November 1, 2012  

Help troops save

Simple fixes can put them on the right financial road

It is military leaders’ responsibility to take care of their troops, and that includes setting them up for success when they leave. Many of today’s veterans struggle to reintegrate into American society — some 40 percent, according to one 2010 study — and their difficulties are exacerbated by financial woes. At the extreme end, researchers have found that finances played a part in the majority of veteran suicides. We should do more for our troops. One way is to better set them up for financial success.

For the 17 percent of service members who reach two decades of service, a government-funded retirement program provides a good financial cushion upon separation. Everyone else receives no such compensation. Still, all may participate in the Thrift Savings Plan. Similar to 401(k) plans in wide use in the civilian world, the TSP allows federal employees and uniformed service members to invest money for retirement while deferring the taxes. But only 30 percent of troops bother to enroll in the TSP; fewer still take full advantage of this straightforward way to improve their financial health.

We propose a few simple changes to put service members on the path to saving for retirement.

We would start by automatically enrolling all service members in the TSP when they begin their service. The federal government already takes care of its civilian employees in this fashion. Federal employees are automatically enrolled into the TSP at a rate of 3 percent of basic pay. We propose following the federal lead and setting the initial rate of contributions at 3 percent of basic pay. To minimize risk, the default investment vehicle would be the G Fund (U.S. Government Bonds). Yet service members would be encouraged to choose a Lifecycle Fund commensurate with their age and retirement horizon. They would also retain the option to create a customized portfolio.

Beyond the initial enrollment, we propose that service members would also be enrolled in a “Save More Tomorrow” program, which would automatically put 20 percent of each future pay raise into the TSP, gradually increasing their effective savings rate to 10 percent. This is a commitment device that uses the human tendency to hyperbolically discount — that is, to weigh future dollars less than current ones in making plans. A 2004 study of a civilian company that had a similar Save More Tomorrow program found that after four years, employees in the program were contributing 13.6 of their pay toward retirement, double that of other employees.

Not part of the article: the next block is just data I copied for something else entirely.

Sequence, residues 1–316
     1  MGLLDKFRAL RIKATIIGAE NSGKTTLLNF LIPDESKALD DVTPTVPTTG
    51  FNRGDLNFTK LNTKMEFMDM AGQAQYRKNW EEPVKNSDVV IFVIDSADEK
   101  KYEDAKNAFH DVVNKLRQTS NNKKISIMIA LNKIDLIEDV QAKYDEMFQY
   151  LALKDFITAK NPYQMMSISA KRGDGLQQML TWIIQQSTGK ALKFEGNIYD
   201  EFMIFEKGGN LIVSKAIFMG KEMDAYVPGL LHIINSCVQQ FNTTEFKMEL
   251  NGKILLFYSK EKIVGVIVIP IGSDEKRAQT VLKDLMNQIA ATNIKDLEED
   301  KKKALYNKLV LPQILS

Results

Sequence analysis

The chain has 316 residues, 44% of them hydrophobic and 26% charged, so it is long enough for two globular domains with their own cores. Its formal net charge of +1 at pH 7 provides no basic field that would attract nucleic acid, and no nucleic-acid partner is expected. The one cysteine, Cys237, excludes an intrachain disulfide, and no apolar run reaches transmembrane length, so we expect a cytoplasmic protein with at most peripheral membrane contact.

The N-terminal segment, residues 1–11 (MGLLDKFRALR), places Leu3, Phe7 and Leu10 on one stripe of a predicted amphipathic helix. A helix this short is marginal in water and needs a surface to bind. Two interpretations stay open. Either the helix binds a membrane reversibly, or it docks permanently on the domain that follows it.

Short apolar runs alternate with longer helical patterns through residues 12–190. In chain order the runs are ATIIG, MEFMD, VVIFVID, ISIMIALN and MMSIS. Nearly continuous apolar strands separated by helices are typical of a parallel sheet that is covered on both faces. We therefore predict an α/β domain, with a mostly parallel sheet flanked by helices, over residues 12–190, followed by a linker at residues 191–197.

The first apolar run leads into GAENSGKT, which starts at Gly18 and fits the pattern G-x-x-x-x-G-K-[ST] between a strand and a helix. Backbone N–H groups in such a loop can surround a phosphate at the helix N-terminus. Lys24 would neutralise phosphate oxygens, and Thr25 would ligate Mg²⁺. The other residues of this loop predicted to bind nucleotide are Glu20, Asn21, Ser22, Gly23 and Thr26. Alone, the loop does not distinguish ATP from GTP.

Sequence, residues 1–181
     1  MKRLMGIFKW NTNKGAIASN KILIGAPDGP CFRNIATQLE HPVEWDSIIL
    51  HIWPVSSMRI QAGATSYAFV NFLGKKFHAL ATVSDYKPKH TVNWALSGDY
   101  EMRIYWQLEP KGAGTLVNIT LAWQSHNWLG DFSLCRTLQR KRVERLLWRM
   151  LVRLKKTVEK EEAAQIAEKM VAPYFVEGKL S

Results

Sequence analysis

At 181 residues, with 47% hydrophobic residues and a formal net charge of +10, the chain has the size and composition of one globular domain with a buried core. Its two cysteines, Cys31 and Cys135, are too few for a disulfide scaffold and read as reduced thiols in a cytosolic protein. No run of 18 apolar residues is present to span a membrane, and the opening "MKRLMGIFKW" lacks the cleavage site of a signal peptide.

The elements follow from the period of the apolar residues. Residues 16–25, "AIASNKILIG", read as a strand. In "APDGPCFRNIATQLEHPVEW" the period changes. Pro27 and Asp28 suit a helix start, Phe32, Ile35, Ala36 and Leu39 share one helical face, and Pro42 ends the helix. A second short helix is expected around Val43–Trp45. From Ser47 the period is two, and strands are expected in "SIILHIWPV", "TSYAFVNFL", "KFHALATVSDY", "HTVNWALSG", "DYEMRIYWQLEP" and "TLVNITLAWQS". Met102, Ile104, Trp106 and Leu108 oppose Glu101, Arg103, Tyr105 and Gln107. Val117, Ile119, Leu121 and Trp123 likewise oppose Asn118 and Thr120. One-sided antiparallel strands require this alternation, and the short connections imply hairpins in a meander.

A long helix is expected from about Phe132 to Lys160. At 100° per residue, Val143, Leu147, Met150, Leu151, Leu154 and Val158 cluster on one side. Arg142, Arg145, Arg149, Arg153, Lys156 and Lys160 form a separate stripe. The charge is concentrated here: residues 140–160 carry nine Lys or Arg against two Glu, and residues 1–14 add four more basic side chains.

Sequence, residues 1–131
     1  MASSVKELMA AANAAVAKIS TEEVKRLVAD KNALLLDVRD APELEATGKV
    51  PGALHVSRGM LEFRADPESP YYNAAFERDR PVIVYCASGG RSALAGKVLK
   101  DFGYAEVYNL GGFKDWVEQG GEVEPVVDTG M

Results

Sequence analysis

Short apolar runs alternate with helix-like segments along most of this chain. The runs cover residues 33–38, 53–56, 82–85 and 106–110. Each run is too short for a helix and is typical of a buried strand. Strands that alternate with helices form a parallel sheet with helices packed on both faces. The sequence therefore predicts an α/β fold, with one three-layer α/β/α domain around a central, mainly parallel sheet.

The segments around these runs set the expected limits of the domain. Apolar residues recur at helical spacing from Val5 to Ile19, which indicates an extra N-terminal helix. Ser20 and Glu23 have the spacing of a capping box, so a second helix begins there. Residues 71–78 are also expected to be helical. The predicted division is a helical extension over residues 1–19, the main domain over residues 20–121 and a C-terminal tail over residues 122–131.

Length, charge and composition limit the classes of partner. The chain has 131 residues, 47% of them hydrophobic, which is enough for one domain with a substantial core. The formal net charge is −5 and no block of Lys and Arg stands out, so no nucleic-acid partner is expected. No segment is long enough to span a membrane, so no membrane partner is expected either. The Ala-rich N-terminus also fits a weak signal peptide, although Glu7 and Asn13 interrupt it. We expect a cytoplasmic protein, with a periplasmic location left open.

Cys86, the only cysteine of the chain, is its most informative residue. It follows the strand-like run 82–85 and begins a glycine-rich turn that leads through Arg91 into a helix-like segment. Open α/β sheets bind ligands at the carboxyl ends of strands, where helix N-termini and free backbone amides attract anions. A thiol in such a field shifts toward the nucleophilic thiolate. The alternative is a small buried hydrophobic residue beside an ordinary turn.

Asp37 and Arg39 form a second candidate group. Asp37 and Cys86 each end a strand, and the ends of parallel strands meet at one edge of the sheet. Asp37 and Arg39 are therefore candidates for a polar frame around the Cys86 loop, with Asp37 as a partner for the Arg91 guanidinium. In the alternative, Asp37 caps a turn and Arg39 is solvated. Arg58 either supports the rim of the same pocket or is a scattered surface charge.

Overall, these changes in defaults would vastly increase the number of service members investing into the TSP. The results of the decision to automatically enroll federal employees show just how sticky these kinds of defaults are: While all are allowed to opt out of the TSP, only 2.4 percent do.

We should also intervene to increase participation of current service members, as well, by directing them to visit the myPay website and update their retirement savings preferences, where they will encounter a similar choice architecture to that for incoming service members.

Beyond that, we propose a combination of social proof and self-perception theory to reinforce investing behavior and encourage increased investment. Personalized feedback should be added to the quarterly TSP statements that compare the service member’s total TSP savings to that of their peers, displaying the average and top decile in a particular demographic (e.g. pay grade, time in service). The document would refer to the service member as an “investor” throughout the TSP statements and display a complimentary thumbs-up on statements when they are above average within their demographic. The feedback will be prominently placed at the top of the quarterly TSP statement, and pop up quarterly in myPay in a graph that is easy to comprehend. The energy industry has tested a similar feedback mechanism through its Opower alerts and reports, and caused behavioral changes that reduced energy consumption by 2.5 percent per household.

Financial insecurity is a big part of the stress of re-entry into civilian life. This low-cost intervention uses behavioral science and modifies choice architecture to nudge service members to responsibly invest their own money, placing them in a better financial position when they leave the military. In short, it’s doing what’s best for our troops. AFJ

MAJ. STEPHEN C. FLANAGAN is an instructor in the Behavioral Sciences and Leadership Department at West Point and a recent graduate of Harvard University’s Kennedy School of Government and Harvard’s Graduate School of Education. MAJ. NICHOLAS MUMM and CAPT. PAUL THOMAS are Army strategists at the Pentagon and recent graduates of the Kennedy School of Government. The views expressed here are those of the authors and do not necessarily reflect the position of the Department of the Army or the Department of Defense.